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Better Green than Blue

June 11, 2014   ·   0 Comments

Why do we have elections, Why do I vote?

Society has the duty to express support, or the need for change, on how it feels the system has addressed the ever changing needs of people at large. We can complain about “money” controlling everything, that we have no power etc. Yet “money” does not control my vote, it is MY check besides the name of the candidate who can best represent what we, the people value as really important.

In Dufferin Caledon, no other application for a zoning change would have altered our collective future as much as the Highland Companies Mega Quarry application. Truly stunning in its size and complexity, its imposition of thousands of trucks to our commuter traffic, the managing of vast amounts of our fresh water and the destruction of thousands of acres of our most productive farmland, it surprised many of us.

I attended all three all candidates debates. In Orangeville I asked our sitting MPP Ms. Jones when did she notify County Council, the lower tier municipalities and her constituency that we could soon  become home to North America’s second largest open pit limestone mine, and she answered that she did not find out until we all found out, thus could not give any advance notice to anyone.

The Ontario’s office of the Integrity Commissioner shows lobbying started Set 2nd 2008, referencing the “Melancthon Quarry” back then, lobbying MPP’s and 9 different Ministries, plus Cabinet and the Premier’s Office. Former PC Charles Harnick was one of six lobbyists registered.

At the Shelburne debate I asked Ms. Jones if she really expected that the good people of this riding should belief that she did not know about the “Melancthon Quarry” until 3.5 years after the lobbying effort started. Her answer was that ”This question is beneath you Carl”.

This community fought hard to get the resource governing ARA legislation reviewed, Ms. Jones was a member of that committee. I have read many pages of the transcripts, I never read a single sentence arguing that the ARA should never again allow a similar application, risking all that fresh water and the land that produces 20 tons of human food per acre. Fact is, a similar application could be filed tomorrow.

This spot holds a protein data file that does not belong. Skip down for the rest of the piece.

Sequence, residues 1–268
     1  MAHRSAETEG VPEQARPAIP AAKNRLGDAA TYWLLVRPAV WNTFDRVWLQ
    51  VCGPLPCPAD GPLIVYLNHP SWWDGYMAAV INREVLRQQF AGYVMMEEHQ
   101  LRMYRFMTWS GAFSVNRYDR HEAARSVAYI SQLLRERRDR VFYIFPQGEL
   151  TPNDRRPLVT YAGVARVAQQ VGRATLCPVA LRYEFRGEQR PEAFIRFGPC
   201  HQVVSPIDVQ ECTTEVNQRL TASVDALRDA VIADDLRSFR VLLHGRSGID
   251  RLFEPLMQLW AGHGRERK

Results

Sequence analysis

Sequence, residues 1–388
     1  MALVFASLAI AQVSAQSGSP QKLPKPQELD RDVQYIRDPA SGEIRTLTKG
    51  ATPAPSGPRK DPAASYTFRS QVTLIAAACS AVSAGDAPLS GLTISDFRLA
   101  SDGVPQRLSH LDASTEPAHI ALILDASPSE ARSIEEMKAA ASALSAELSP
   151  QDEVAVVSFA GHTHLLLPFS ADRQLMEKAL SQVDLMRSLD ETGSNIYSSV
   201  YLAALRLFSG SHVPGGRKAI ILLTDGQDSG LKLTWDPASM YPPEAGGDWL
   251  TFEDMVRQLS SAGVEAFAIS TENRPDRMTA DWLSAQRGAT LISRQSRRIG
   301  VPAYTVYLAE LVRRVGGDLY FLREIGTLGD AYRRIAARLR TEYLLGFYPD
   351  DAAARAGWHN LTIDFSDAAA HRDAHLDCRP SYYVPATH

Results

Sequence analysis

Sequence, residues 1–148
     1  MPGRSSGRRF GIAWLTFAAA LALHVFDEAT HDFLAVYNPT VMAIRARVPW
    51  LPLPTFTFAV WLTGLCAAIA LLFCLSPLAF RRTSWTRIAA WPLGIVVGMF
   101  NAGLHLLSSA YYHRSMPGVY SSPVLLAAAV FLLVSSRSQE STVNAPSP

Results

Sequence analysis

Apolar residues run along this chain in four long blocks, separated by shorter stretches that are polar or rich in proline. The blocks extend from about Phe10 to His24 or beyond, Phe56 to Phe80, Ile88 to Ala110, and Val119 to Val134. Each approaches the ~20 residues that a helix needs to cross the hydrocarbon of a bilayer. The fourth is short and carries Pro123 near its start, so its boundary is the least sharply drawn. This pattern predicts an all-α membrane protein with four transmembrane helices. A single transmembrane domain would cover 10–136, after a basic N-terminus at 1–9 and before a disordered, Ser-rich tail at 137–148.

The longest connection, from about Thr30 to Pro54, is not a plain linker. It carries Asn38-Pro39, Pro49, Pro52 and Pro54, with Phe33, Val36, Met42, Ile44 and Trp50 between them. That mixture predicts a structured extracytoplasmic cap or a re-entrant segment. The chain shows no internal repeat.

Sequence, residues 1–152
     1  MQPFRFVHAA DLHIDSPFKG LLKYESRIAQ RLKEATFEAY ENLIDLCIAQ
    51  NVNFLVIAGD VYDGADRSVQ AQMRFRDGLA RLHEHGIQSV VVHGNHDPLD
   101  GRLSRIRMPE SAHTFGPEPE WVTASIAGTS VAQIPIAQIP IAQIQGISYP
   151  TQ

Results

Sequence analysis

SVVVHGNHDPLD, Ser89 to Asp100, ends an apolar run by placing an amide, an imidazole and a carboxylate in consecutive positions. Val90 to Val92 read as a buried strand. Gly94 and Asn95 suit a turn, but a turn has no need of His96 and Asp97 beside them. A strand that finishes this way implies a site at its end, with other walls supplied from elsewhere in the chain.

This community has raised 100’s of thousands of dollars and has spent thousands of true volunteer hours to get  its voice heard regarding various aggregate resource applications, including the Highland Companies attempt, yet nothing has changed. The system is clearly in control here in Dufferin Caledon, but I control the way I vote. I will vote Karren Wallace in this election.

Carl Cosack

 

Industry gets 

‘special treatment’

 

Re: Preferential Treatment of Aggregate Industry

Residents of Ontario continue to raise concerns about the special treatment given to the aggregate industry, yet these concerns are not being addressed in government policy decisions. The recent review of the Aggregate Resources Act did not adequately recognize the concerns raised by the public and impacted local communities.

The special, preferential treatment of the aggregate industry needs to stop. Key pieces of environmental protection legislation include an “exception” clause for the aggregate industry.

Big business interests should not take priority over the health, safety and quality of life of rural Ontarians, the environment and prime farmland.

Aggregate produces enjoy exemptions from requirements that apply to other types of development, including exemptions from environmental assessments, exemptions from Class III industrial zoning, promotion of “recycling” of industrial waste on rural extraction sites and reduced setbacks from adjacent residential properties.

The processing of construction demolition waste should not be disguised as “recycling.” It is unacceptable that a clause mandating the siting of “recycling facilities” into pits and quarries was added into the 2014 Provincial Policy Statement after the public consultation period had concluded.

“Recycling” facilities, where construction and demolition waste occurs, should be located in lands zoned for industrial operations. They should not be located without appropriate setbacks from other sensitive land uses, including rural homes, schools and open aquifers.

This provincial election has brought out all parties seeking support from rural Ontario. I am calling on all candidates and all parties to stop this preferential treatment of the aggregate industry and to announce their support for a fair, impartial review of aggregate policy if they are elected.

Eileen Dykes

Alton

         

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